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Cheering For Your Rivals?



This website’s founding editor is a “strength of schedule” fan… meaning he wants every team squaring off against his beloved University of South Carolina Gamecock football team to win as many of their other games as they possibly can.

Why?  Because “to be the best you’ve got to beat the best.”  Or something like that.

Seriously, though, the better your opponents are … the better it looks when you beat them.  And whether we’re talking about computers selecting the two best teams in the country (1998-2013) or a panel of human beings selecting football’s “fearsome foursome” (2014-  ) … strength of schedule matters.  A lot.

That goes for all of South Carolina’s opponents – even arch-rival Clemson, which is squaring off against “The” Ohio State University in the 2014 Discover Orange Bowl on Friday night.  Will Folks (a.k.a. Sic Willie) has already picked the Tigers to win this game (owing to the weakness of the Big Ten)- but he also wants them to win.  After all, a Clemson victory over the seventh-ranked Buckeyes would mean the 2013 Gamecocks beat a pair of BCS bowl champions (Clemson and Central Florida) – in addition to its miracle road win over Missouri.

Not a bad resume …

Also, seeing as Clemson has lost five straight games to South Carolina … what do we care if they win their bowl game?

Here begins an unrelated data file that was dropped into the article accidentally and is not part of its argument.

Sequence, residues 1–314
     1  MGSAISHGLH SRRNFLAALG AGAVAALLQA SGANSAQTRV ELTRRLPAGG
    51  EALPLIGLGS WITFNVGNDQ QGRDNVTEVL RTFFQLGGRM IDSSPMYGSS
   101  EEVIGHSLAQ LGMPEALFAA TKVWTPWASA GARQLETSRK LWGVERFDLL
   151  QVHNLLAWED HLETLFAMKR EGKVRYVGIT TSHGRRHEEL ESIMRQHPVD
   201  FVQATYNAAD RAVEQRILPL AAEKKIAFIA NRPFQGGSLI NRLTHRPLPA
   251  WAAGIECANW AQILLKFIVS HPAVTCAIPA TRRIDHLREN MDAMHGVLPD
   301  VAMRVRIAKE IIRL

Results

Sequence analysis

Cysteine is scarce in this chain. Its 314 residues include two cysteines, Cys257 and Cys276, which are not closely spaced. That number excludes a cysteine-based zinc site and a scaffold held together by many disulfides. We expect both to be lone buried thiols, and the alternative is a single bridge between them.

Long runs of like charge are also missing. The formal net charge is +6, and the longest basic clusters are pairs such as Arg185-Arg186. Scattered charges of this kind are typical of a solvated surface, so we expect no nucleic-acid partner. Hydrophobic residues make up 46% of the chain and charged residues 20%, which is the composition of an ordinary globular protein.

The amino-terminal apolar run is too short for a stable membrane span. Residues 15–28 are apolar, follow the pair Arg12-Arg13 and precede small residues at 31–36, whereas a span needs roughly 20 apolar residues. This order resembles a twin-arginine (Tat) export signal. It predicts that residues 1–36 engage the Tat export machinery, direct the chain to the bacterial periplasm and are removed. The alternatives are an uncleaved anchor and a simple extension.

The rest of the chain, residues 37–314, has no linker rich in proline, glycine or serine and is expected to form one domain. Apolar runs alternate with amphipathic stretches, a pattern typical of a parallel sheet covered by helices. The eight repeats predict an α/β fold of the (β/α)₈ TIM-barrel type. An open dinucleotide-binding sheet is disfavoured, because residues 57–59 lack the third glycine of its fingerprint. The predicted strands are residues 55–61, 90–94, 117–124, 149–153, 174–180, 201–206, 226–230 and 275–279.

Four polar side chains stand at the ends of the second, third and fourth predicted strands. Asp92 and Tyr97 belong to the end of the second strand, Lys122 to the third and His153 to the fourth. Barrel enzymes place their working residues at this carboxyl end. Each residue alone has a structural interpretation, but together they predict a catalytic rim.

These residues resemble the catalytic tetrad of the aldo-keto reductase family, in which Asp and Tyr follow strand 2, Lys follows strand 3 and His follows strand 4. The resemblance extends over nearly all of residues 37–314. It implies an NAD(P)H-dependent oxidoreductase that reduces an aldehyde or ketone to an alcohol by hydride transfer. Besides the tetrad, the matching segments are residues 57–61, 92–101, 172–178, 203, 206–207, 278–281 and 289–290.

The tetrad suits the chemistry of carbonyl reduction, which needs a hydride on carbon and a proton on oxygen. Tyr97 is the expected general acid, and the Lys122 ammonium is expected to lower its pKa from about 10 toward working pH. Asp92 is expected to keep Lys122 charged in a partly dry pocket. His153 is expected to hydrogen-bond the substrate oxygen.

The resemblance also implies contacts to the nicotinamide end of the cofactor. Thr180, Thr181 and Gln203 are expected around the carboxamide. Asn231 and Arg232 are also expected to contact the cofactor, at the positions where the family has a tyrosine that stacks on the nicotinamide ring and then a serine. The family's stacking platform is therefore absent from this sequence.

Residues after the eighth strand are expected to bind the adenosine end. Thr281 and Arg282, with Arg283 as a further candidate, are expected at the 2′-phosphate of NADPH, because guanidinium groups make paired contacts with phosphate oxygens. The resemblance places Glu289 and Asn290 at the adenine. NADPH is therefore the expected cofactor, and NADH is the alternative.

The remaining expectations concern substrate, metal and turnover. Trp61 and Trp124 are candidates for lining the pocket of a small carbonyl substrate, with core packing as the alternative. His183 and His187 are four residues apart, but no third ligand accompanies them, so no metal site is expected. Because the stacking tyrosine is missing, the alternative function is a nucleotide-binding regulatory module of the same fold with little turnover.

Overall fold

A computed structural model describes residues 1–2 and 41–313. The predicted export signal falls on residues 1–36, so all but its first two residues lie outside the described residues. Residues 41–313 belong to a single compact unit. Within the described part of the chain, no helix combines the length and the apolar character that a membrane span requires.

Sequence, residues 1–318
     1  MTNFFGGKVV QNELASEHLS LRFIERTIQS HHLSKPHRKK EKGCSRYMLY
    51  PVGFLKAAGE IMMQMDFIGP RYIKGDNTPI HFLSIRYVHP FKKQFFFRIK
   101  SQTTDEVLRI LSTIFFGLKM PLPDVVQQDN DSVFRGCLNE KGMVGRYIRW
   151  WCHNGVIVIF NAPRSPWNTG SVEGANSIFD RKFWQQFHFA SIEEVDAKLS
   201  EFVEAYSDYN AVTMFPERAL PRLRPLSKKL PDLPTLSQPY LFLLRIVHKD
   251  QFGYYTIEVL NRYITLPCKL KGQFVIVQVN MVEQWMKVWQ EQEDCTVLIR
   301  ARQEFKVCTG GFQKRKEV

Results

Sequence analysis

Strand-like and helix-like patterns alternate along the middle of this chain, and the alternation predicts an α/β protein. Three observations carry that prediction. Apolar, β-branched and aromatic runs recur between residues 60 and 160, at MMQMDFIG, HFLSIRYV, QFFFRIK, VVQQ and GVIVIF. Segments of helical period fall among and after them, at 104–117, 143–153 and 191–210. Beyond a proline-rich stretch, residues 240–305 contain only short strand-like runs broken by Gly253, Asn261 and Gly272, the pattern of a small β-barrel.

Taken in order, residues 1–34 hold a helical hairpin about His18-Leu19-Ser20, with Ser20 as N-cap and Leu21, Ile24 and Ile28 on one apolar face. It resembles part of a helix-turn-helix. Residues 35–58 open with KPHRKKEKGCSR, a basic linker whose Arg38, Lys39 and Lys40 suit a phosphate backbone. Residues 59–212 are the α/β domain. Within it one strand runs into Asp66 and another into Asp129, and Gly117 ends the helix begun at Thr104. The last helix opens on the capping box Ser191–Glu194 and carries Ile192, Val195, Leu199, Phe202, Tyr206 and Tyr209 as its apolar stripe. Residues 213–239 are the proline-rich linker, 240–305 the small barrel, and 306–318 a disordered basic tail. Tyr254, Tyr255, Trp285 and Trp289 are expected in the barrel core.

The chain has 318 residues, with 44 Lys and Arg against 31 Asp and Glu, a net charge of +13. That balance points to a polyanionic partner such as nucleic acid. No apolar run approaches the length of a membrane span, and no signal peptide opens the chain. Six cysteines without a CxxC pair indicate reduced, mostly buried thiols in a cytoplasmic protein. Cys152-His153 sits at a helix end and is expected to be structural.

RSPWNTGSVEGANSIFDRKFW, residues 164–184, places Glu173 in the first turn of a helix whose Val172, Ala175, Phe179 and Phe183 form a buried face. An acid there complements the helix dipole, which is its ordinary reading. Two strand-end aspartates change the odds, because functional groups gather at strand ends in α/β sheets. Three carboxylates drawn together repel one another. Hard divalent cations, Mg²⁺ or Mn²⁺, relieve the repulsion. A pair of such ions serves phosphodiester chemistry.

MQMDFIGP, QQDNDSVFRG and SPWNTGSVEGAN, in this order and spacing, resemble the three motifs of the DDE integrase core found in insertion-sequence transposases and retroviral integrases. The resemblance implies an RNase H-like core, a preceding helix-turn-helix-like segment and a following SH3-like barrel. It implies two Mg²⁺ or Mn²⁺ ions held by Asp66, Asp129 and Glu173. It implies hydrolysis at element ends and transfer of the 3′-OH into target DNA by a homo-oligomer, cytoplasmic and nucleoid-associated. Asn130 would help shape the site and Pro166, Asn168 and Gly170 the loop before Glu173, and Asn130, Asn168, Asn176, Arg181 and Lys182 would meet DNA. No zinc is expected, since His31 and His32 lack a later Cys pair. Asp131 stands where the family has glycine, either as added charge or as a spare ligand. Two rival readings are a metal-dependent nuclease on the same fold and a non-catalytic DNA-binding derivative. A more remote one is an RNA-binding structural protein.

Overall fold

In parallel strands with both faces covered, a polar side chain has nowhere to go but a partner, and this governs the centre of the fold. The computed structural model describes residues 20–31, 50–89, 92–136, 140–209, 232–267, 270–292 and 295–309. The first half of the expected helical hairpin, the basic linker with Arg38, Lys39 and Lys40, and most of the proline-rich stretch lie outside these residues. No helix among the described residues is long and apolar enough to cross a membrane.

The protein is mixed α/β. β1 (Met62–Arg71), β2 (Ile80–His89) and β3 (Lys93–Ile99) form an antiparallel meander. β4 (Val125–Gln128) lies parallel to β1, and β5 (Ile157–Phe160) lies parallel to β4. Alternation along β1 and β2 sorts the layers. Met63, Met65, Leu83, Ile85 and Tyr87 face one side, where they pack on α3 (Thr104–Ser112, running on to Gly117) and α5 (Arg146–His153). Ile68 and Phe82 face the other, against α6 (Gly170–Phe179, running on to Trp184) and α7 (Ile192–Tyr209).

Of course some fans find it impossible to support their rivals under any circumstances.

Take the website Asinine Wisdom, whose author is a University of Alabama fan.  Over the holidays this author penned a marvelous column based on someone asking them whether they would cheer for rival Auburn in next week’s national championship game (due to conference loyalty).

“I can’t grasp how people that are Alabama fans can cheer for Auburn in good conscience. I just don’t get it,” the author wrote. “It is our duty as rivals to put all our collective focus into willing Auburn to lose. As much as some Auburn fans may deny it, they absolutely don’t cheer for Alabama in any capacity, and I would expect nothing less from them.  That’s how it’s supposed to be. I’m expected to wish them the best just because they’re in our conference?  Is that a joke?”

The author adds that such politically correct thinking “is precisely the disease that is infecting and killing college football.”

Wow …

Of course we can understand the source of Bama fans’ frustration …

Anyway, the best argument against cheering for your rival is the impact their victories could have on recruiting.  In other words you don’t want your top in-state opponent picking up too many blue chip prospects as a result of too many big victories.  However the Alabama-Auburn rivalry (whose champion has gone on to claim the last four national titles) would seem to disprove that hypothesis.

Don’t get us wrong: It wouldn’t break our hearts to see Clemson get rolled in the Orange Bowl.  In fact the humiliating 70-33 defeat the Tigers suffered on their last trip to Miami provided us with literally months of delicious schadenfreude.

But a Clemson win is probably in the best long-term interests of the Gamecock football program … not to mention securing the program’s best-ever end-of-season ranking.

That’s not “political correctness” either, it’s simple math.